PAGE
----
Parkway Community House

Community

Originally called the Good Shepherd Community Center, in 1941 the community center broke away from the Good Shepherd Church and changed its name to the Parkway Community House in 1941. Under the direction of prominent black sociologist Horace Cayton from 1941 to 1947, the Parkway Community House functioned as a vital community institution where working-class blacks mingled with prominent African American artists and academics. PCH staff operated a mother's clinic, nursery school, relief office, selective service office, the Henry George School of Social Service, and a servicemen's center.

Labor Trail

Chicago History Museum, ICHi-39915

Labor Trail

The Chicago Center for Working-Class Studies (CCWCS) is proud to present the Interactive Labor Trail, made possible by a generous grant from the Illinois Humanities Council. This on-line history resource builds on “The Labor Trail: Chicago's History of Working-Class Life and Struggle,” a map of 140 significant locations in the history of labor, migration, and working-class culture in Chicago and Illinois. The Labor Trail is the product of a joint effort to showcase the many generations of dramatic struggles and working-class life in the Chicago area's rich and turbulent past. The Trail's neighborhood tours invite you to get acquainted with the events, places, and people -- often unsung -- who have made the city what it is today. In addition, the statewide map is just a starting point for further exploration of Illinois' labor heritage. This Interactive Labor Trail expands the number of locations and provides a greater depth of information, while giving map users the chance to add their knowledge of locations and events in the Chicago area’s working-class history.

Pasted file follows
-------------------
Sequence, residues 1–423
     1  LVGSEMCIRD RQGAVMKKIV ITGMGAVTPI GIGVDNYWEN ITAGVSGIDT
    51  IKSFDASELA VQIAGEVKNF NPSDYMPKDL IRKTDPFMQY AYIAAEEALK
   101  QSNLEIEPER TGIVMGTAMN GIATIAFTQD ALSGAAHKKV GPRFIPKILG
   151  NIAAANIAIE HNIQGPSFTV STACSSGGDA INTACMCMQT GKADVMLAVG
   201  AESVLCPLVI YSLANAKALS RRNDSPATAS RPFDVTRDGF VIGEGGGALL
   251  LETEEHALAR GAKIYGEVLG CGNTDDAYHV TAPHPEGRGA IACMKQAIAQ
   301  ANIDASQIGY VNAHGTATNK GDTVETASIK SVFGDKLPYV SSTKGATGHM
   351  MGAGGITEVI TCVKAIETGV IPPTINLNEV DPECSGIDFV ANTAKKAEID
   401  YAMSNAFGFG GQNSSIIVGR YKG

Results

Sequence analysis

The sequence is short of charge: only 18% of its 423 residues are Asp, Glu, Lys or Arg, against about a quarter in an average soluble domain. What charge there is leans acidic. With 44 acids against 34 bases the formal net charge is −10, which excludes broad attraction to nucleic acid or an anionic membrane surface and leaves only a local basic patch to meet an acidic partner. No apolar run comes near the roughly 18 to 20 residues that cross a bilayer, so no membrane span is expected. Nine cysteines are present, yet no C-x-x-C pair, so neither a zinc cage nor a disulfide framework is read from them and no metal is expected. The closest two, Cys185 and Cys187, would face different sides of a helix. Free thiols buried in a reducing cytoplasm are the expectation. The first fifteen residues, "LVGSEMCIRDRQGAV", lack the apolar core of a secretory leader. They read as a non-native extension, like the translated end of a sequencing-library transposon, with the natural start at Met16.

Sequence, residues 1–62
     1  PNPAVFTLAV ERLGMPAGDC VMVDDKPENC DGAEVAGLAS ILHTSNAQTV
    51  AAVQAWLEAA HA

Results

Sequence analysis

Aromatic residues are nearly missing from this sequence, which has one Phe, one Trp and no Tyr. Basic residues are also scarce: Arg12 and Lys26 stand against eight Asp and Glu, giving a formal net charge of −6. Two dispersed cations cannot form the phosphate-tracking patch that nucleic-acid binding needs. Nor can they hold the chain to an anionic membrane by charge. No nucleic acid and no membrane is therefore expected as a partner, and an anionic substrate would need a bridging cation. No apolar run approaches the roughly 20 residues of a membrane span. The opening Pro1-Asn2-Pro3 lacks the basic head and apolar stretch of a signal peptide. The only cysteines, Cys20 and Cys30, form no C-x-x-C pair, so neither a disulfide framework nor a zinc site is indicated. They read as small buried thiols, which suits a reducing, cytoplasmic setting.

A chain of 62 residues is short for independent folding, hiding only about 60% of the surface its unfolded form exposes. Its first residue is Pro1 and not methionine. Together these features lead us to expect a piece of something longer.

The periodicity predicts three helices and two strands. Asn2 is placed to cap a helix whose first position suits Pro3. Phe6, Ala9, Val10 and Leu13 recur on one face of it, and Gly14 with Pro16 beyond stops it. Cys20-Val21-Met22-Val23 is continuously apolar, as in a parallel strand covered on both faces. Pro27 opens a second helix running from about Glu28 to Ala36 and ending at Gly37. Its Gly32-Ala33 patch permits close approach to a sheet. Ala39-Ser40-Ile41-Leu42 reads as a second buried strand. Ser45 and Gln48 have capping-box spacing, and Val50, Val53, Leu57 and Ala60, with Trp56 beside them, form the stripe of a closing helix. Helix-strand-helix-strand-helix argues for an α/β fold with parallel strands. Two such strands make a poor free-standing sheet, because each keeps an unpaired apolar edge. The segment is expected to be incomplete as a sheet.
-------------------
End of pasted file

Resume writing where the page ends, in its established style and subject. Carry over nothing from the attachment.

We invite all individuals, groups, and institutions interested in the labor and working-class history of Chicago, Cook County, the Calumet Region, and Illinois to contribute to the map. Users can add new sites, edit or build upon existing entries with additional text, photographs, primary sources, audio and video files, as well as links to related websites.

Easy-to-use instructions for adding to the on-line version of the map are available at www.labortrail.org.

More information on the Chicago Center for Working-Class Studies is available at: www.workingclassstudies.org

The Labor Trail: Chicago's History of Working-Class Life and Struggle

Project Director:
Leon Fink, University of Illinois at Chicago

Project Advisors:
Tobias Higbie, Newberry Library
Lisa Oppenheim, Chicago Metro History Education Center
Liesl Miller Orenic, Dominican University

Administrative Director:
Jeffrey Helgeson, University of Illinois at Chicago

Project Assistants:
Aaron Max Berkowitz, University of Illinois at Chicago; John H. Flores, University of Illinois at Chicago; Erik Gellman, Northwestern University; Dan Harper, University of Illinois at Chicago; Emily LaBarbera-Twarog, University of Illinois at Chicago

Web Design:
William Atwood and Melissa Palmer